FM: Tell us a little bit about your career as an analyst for NBC Sports?
JR: I’ve been doing it for seven years now and it’s been amazing. I ended up learning a lot from television. You have to know when to say things, what to say, how to say it. You have to learn to speak while someone else is talking in your ear and to not be afraid of the camera. Your vocabulary has to be understandable for at least 50 percent of the people watching. It’s been really fun for me, I can keep my influence and perspective of the game while staying close to it.
FM: Having been to Ottawa many times over the years and having played Junior years in the Ottawa-surrounding area, what have been your favourite things to do while here in the nation’s capital?
JR: I just remember having such a blast in Ottawa as a whole, it was one of the best times in my life. Going out to the bars with the boys and all that, it was so fun. I didn’t get to play there long, but I play well there.
FM: Looking at the Ottawa Senators NHL team this past year, who, in your opinion, were some of the key players in your eyes?
JR: I really like watching Hoffman play, I think he’s a very good hockey player. He’s adept at scoring goals, and he knows the game fairly well. I think Turris has a lot of talent and the capability to be a wonderful player but he needs to be more consistent. He tries to just let his talent do the work but sometimes you need to bury your head and put your work boots on and go after it. When that guy decides to go for it, he is pretty awesome. I’m a big Bobby Ryan fan, I enjoy watching him play. The Senators have talent, it’s all about their work boots and putting on their hardhats. I think the new coach has done a great job and really has given these guys another chance. He was responsible for getting this team into the playoffs.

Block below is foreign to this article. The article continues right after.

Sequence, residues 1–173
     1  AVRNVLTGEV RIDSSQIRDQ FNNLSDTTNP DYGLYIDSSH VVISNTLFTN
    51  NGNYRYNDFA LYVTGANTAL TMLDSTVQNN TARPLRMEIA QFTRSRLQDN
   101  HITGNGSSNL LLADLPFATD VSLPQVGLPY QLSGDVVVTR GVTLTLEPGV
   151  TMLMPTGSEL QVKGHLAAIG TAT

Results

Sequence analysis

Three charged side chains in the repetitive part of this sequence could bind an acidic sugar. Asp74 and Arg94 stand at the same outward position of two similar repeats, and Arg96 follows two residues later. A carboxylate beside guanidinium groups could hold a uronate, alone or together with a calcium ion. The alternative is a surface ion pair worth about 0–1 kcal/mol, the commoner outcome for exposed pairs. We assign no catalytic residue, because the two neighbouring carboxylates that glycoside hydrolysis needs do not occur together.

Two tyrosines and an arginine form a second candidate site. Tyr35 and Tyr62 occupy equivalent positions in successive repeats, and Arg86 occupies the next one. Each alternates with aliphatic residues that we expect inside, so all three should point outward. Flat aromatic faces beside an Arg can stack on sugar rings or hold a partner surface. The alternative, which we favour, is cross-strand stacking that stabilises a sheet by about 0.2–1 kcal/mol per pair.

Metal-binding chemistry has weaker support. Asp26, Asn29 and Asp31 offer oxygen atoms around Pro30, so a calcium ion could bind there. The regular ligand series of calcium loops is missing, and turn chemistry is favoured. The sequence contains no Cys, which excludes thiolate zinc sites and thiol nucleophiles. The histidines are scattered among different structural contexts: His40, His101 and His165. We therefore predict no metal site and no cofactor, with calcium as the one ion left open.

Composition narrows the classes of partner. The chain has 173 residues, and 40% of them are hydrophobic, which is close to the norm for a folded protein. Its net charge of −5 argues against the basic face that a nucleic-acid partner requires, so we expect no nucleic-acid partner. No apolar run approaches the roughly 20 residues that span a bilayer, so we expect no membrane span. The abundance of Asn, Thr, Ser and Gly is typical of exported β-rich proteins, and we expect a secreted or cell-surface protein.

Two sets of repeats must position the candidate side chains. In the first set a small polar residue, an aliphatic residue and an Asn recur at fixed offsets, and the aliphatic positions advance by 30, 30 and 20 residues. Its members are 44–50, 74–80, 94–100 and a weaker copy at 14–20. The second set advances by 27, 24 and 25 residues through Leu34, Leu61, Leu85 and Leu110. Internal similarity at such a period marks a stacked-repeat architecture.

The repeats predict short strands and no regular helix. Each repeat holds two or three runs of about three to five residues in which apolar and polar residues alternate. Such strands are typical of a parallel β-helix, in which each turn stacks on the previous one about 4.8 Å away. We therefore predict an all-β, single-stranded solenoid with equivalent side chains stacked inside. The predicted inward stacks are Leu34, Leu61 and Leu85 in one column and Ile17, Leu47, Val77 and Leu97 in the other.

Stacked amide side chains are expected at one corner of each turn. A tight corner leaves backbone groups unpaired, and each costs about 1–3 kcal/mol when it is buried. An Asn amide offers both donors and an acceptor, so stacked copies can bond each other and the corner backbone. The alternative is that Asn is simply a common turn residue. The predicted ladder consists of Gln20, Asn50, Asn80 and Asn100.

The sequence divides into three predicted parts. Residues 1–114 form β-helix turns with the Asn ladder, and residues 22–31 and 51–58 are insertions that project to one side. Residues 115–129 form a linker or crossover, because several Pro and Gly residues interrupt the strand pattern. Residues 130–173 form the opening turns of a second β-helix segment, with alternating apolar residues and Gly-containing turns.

FM: What’s the best piece of advice you were given throughout your career?
JR: I’ve had a lot. Some advice that I’ve heard is that you can never work hard enough because there’s always someone working harder than you. You might not see it or hear it, but sooner or later you’re going to feel it. Whether it’s on the ice or in a job, it could happen. Don’t ever think that you have it made. There’s always someone lurking behind you waiting to kick you out. My mom always told me, treat people the way you want to be treated, don’t disrespect people, until they cross you. That was some advice I really tried to make myself aware of all the time.